Columnists > Voices

Gas attack

Prices at the pump are painful, but be careful in choosing a cure

Issue: "No way out," May 13, 2006

High gas prices put everyone in a bad mood. It was a big enough hit to the family budget when a gallon of gasoline passed the $2 mark. Only a few months later, that gallon can cost $3. This has many Americans thinking they are being ripped off. So just who is to blame and what can be done?

Do not blame your local gas station. No matter what the prices are, those businesses only make between 7 and 11 cents per gallon. That means they make less than $2 every time you fill up. And if you, like 70 percent of their customers, pay by credit card, which levies a 3 percent fee on the retailers, they may make less than $1.

Gas stations make most of their money with their convenience stores. Coffee, soda, and junk food have a much bigger profit margin than gasoline. According to industry statistics, gas stations derive only one-third of their profits from selling gasoline, with two-thirds coming from the "Quik-Mart" part of the operation. And to add to the retailers' woes, the more gasoline costs, the more their customers pay with credit cards and the fewer Slushies they buy.

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We could blame the big oil companies. After all, they are making record profits, with Exxon Mobil racking up a $9 billion quarterly windfall. Politicians are accusing the oil companies of "price gouging." But, in general, in a free economy, prices are determined not by the company-however much it might profit when the value of their product soars-but by the marketplace. When the supply is small and the demand is great, the price goes up. It has to.

Today, a big chunk of the world's oil comes from unstable countries with unreliable output. Not only Iran and Iraq but strife-torn Nigeria and Castro acolyte Hugo Chavez's Venezuela. At the same time, countries that were once "Third World" and impoverished, such as China and India, now have booming economies that are demanding more and more oil.

We could with more accuracy blame the government. The federal gasoline tax is 18.4 cents per gallon. Then states add their own tax on top of that, which may be as much as 30 cents a gallon. But more importantly, government limits the supply of gasoline. Congress keeps forbidding drilling in the ANWAR oil field in Alaska. Florida will not permit offshore drilling, even as China and other countries put in wells just outside Florida waters. Environmental regulations prevent oil companies from opening new refineries. All of this artificially restricts supply, sending up the price.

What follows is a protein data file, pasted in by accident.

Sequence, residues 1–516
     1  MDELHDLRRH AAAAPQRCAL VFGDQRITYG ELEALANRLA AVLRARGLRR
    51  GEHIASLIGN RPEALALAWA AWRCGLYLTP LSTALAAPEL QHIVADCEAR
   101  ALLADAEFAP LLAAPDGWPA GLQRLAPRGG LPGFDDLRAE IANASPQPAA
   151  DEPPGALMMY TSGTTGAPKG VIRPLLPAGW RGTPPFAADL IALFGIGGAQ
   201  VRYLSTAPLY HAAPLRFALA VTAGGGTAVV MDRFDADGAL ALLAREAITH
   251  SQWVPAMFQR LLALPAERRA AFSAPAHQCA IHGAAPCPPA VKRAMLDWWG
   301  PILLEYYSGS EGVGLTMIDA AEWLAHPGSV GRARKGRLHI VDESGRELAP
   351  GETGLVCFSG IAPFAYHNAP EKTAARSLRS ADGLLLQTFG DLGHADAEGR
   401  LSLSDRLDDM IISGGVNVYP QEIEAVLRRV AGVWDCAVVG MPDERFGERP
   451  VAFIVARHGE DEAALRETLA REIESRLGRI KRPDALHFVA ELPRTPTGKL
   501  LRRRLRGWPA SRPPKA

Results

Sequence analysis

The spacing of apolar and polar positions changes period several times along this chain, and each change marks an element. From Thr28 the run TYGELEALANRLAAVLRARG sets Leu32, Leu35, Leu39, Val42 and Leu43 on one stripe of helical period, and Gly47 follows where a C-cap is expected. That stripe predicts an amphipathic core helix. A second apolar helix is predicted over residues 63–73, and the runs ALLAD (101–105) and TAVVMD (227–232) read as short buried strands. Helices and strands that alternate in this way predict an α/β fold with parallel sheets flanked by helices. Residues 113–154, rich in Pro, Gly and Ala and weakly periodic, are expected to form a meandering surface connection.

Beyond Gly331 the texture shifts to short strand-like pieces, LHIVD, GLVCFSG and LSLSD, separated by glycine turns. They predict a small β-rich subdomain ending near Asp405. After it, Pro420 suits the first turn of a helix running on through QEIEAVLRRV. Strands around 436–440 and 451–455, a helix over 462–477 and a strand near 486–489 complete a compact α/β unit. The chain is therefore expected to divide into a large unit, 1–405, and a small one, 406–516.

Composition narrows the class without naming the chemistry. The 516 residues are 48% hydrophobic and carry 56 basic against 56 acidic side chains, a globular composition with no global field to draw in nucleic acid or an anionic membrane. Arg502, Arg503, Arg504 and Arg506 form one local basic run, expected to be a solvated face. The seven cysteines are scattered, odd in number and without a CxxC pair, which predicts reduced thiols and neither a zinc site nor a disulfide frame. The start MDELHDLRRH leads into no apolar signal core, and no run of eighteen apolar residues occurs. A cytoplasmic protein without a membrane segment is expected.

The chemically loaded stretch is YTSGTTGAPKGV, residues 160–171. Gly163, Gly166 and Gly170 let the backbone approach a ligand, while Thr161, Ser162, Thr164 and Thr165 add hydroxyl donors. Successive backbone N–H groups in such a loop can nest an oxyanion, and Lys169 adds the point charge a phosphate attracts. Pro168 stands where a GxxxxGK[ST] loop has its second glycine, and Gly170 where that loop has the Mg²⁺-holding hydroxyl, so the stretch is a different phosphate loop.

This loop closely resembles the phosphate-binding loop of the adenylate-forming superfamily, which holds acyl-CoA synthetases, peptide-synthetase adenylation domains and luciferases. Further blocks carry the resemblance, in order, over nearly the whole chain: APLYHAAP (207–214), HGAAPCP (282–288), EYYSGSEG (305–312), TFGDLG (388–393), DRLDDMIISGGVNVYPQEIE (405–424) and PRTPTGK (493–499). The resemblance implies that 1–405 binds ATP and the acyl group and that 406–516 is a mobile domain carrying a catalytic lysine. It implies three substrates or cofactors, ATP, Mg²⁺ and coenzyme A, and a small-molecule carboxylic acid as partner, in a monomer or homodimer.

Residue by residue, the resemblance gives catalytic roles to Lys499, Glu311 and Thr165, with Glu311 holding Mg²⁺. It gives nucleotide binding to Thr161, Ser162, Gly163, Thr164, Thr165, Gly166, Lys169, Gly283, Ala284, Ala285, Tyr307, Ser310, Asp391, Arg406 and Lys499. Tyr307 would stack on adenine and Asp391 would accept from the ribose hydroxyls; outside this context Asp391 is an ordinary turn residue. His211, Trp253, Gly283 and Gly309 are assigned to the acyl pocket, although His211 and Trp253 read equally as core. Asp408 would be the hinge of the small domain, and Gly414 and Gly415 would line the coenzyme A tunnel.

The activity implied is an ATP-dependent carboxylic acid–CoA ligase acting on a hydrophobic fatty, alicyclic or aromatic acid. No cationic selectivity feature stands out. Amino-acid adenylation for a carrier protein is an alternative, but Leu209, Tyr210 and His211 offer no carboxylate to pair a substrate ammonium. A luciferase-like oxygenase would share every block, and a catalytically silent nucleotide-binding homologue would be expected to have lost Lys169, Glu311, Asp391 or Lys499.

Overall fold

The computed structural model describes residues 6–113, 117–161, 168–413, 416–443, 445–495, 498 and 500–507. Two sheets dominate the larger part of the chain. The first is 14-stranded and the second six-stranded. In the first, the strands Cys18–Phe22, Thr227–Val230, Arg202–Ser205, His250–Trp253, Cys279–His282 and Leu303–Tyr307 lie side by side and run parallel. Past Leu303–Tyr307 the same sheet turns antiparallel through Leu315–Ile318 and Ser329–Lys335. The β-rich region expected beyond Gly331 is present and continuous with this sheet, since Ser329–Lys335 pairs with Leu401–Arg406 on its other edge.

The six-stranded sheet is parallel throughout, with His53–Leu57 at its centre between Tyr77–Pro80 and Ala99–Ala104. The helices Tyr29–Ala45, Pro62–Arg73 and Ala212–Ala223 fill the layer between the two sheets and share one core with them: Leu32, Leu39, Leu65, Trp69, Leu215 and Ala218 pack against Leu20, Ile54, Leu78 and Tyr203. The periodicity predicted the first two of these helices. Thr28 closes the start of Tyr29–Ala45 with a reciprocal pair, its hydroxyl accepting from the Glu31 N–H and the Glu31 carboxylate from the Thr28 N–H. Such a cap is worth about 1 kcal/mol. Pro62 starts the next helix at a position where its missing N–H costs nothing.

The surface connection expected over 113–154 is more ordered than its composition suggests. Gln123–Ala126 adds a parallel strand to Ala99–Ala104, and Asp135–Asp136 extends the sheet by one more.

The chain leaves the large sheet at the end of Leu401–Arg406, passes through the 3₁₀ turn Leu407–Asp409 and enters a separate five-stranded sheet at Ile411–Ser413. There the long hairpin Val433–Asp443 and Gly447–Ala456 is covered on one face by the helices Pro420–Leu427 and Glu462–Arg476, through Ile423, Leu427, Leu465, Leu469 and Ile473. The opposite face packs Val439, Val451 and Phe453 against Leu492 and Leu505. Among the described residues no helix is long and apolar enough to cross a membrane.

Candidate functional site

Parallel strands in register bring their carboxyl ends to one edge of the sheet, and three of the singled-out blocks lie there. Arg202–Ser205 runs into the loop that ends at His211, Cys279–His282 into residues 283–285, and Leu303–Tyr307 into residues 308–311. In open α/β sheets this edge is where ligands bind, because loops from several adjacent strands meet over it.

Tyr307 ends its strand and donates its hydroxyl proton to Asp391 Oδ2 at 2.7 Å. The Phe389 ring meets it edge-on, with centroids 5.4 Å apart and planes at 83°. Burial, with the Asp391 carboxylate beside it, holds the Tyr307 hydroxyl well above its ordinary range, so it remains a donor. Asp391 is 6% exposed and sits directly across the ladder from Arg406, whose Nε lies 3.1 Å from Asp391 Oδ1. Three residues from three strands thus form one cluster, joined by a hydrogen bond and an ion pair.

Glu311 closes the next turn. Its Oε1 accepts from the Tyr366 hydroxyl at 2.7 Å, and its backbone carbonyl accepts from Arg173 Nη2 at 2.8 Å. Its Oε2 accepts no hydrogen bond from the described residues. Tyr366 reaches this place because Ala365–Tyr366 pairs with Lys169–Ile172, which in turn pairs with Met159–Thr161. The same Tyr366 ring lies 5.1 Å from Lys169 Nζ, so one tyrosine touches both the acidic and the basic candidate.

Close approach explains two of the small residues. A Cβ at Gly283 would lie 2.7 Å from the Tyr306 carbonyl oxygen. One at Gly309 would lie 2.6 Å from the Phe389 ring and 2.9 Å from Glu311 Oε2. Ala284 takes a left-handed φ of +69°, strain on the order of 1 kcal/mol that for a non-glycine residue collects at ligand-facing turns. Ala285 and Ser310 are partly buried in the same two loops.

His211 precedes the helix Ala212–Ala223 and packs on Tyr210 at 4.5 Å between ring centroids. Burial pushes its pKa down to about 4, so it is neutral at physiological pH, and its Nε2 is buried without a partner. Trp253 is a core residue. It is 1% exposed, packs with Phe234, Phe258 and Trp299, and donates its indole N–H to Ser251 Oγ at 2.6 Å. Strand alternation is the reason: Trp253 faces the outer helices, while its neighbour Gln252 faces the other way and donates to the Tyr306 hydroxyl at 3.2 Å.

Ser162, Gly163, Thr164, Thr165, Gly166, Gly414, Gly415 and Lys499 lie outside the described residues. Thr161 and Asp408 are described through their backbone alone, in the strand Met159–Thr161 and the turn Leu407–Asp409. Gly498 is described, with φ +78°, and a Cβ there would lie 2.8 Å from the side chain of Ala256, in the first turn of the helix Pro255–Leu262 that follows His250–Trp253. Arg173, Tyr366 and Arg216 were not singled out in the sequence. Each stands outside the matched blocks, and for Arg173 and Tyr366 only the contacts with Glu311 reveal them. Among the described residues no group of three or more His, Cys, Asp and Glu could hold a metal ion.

And the government certainly cannot regulate prices. Richard Nixon, despite his conservative image, slapped price controls on gasoline after Arab states decided to punish America for supporting Israel with an oil embargo and prices soared to close to $1, which people then thought was outrageously expensive. But all Mr. Nixon accomplished by mandating low prices was to create massive gasoline shortages, since companies could not afford to make gasoline they could not sell for a profit.

But high prices will eventually increase the supply. In Oklahoma, where I am from, many farms have tiny oil wells that have not operated for years. It costs too much to run them for the few barrels they could pump out of the ground. But when we visited Oklahoma over the Easter vacation, these little wells were pumping like crazy.

The high prices also make alternative energy sources profitable. Now truckers are finding that they can save money with "bio-diesel" made out of soybeans. People are buying fewer gas-guzzlers and more hybrids, not from guilt trips but out of sheer economic necessity. High prices will cut consumption, encourage conservation, and arguably do more for the environment than any number of Earth Day celebrations.

Yes, high gas prices are painful. But they are no reason to abandon free market economics, which is the only mechanism that can get us out of this mess.

Gene Edward Veith
Gene Edward Veith

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